There isn't a good solution available either. RAIDs can get expensive, flash and similars can be fast but there are problems with interfaces (quality, selections, ..), the fastest things are expensive or on development cycle anyways... The state of hard drives and their performance is simply put pathetic and will be at least for the next a few years.

What? (1)

Poromenos1 (830658) | more than 8 years ago | (#15221686)

When I had a 100 MHz PC, I had a 1 GB HDD. Now I have a 400 GB HDD and I don't have a 40 GHz processor. What are you talking about?

Re:What? (0)

operagost (62405) | more than 8 years ago | (#15221881)

Do you wrok for Intel or something? Your current processor does a lot more per clock than the 100 MHz Pentium did.

Re:What? (1)

rhesuspieces00 (804354) | more than 8 years ago | (#15221971)

I've had my powerbook for almost 30 months. It came with an 80 GB hard drive, which at the time, was the largest laptop drive available, and had been for quite a while...at least a few months.

The largest laptop drive currently available is 160 GB, and that has only been available for a few weeks.

So, in roughly 3 years, the capacity of 2.5" hard drives has doubled. (A far cry from Moore's law.) Processor speeds haven't kept up with Moore's law either, but they have certainly more than doubled in the past 3 years.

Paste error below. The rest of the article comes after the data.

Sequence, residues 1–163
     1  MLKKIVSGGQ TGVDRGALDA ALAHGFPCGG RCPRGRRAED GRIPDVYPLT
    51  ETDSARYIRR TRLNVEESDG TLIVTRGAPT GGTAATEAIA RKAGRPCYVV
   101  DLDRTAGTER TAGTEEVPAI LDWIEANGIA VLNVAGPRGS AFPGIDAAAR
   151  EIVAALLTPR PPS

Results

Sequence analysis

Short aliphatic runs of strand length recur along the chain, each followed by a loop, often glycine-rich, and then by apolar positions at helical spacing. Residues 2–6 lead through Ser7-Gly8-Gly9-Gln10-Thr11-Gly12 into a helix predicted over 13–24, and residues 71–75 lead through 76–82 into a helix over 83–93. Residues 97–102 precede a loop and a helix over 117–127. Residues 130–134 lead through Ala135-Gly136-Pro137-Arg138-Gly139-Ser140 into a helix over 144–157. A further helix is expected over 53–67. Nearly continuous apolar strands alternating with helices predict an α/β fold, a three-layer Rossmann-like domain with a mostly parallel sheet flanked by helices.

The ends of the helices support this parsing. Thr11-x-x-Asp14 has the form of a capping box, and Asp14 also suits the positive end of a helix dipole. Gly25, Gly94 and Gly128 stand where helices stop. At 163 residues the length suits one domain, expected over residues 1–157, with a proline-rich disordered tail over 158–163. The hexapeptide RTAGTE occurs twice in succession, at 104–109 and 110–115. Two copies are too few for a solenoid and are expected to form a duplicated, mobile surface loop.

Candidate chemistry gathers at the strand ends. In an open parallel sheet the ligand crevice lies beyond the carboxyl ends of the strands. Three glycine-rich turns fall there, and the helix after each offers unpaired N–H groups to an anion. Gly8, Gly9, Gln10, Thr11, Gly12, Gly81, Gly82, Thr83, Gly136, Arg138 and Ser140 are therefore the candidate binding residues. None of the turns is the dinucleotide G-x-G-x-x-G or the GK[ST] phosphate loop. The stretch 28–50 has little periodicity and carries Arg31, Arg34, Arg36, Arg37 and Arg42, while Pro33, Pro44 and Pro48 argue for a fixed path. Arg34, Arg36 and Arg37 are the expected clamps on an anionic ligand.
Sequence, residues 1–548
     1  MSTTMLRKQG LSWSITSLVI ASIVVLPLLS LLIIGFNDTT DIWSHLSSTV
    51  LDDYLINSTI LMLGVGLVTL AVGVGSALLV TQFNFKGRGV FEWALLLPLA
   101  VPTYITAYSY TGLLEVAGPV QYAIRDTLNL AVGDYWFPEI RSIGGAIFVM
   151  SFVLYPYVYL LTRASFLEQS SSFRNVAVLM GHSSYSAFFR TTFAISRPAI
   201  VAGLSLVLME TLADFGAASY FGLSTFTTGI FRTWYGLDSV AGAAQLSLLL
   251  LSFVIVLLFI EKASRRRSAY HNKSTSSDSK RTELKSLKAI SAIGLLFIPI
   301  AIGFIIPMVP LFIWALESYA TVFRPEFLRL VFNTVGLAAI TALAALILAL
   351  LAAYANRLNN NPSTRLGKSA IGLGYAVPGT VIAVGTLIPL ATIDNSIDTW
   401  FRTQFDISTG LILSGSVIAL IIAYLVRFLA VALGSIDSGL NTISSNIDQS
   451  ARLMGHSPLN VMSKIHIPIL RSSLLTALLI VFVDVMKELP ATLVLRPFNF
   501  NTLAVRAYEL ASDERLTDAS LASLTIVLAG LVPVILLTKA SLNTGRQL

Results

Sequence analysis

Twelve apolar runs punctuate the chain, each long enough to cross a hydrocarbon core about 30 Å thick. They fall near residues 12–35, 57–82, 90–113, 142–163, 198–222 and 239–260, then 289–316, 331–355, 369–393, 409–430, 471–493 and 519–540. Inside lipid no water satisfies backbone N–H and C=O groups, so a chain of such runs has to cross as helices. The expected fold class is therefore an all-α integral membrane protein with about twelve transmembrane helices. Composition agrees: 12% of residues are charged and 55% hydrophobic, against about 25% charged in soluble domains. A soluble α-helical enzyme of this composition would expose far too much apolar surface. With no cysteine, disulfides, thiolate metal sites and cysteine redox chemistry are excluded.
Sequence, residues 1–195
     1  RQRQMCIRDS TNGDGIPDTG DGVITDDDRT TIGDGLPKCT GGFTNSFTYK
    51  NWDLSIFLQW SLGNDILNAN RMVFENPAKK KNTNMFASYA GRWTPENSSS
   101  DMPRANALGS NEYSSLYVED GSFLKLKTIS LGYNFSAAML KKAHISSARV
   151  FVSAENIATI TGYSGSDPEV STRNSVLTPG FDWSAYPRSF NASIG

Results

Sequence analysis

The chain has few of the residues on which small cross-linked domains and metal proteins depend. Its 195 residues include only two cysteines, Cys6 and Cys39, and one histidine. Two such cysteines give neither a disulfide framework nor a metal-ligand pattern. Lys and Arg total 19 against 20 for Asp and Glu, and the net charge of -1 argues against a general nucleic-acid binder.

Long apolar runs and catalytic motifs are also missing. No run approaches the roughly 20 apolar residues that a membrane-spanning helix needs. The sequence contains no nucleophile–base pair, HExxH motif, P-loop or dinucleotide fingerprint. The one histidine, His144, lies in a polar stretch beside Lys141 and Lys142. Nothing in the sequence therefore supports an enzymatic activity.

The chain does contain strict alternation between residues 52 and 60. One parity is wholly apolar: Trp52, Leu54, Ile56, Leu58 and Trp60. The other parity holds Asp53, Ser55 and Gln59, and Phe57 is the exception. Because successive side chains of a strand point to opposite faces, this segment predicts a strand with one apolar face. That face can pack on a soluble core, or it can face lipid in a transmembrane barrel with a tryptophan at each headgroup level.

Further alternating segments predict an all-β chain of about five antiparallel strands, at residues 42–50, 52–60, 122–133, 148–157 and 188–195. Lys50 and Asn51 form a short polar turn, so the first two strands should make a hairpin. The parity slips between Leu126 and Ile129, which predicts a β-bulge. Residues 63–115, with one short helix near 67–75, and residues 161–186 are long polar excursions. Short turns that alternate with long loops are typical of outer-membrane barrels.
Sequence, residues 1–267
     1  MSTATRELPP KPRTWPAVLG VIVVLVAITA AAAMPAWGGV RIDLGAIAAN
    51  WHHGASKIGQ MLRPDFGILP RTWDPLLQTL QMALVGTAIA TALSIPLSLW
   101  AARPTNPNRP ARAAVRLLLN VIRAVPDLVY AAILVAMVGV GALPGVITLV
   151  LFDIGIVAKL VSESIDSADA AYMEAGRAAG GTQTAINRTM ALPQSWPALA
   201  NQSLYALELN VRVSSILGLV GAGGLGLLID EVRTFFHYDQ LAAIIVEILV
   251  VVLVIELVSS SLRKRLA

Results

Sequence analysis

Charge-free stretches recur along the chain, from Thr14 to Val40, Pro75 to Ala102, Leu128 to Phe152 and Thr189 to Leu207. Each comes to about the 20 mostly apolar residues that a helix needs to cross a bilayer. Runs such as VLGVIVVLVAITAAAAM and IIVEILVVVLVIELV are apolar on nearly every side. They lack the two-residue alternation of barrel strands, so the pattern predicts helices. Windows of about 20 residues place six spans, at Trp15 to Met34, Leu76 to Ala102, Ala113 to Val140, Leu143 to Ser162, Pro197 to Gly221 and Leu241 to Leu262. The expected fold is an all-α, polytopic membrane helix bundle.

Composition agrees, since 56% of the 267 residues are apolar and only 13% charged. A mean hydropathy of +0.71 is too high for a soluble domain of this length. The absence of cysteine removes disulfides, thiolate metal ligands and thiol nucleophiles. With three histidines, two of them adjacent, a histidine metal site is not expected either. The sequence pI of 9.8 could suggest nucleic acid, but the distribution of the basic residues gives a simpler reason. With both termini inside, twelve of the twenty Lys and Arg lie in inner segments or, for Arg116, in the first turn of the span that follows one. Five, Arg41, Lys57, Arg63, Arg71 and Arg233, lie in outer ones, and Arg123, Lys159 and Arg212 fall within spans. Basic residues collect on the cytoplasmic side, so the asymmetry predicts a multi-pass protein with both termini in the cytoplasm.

Re:What? (0)

Anonymous Coward | more than 8 years ago | (#15221996)

When I had a 100 MHz PC, I had a 1 GB HDD. Now I have a 400 GB HDD and I don't have a 40 GHz processor. What are you talking about?

Read his post again. What he says agrees with what you have said.

Re:What? (2, Interesting)

Glonoinha (587375) | more than 8 years ago | (#15222175)

Throughput. Actually I occasionally chart the growth in CPU speed vs the size of hard drives and there is an amazing difference (with drive space growing a LOT faster than CPU speed) - but on a purely bandwidth based observation, narrowing it down to laptop hard drives only : drives haven't really kept up.

Six years ago most laptop drives were 3600 rpm. Now most laptop drives are 4200 rpm (yes there are plenty of 5400 and 7200 rpm drives out there, but I'd wager to say that most people don't have them.) That's a 17% (1.1667x) boost over six years. Compare that to the PII-300MHz in use six years ago vs the P4-3GHz we can get today and there is a 1,000% increase (10x). Even if you drop in a Toshiba 7200rpm drive, you are still only looking at a 2x improvement in speed over six (or more) years.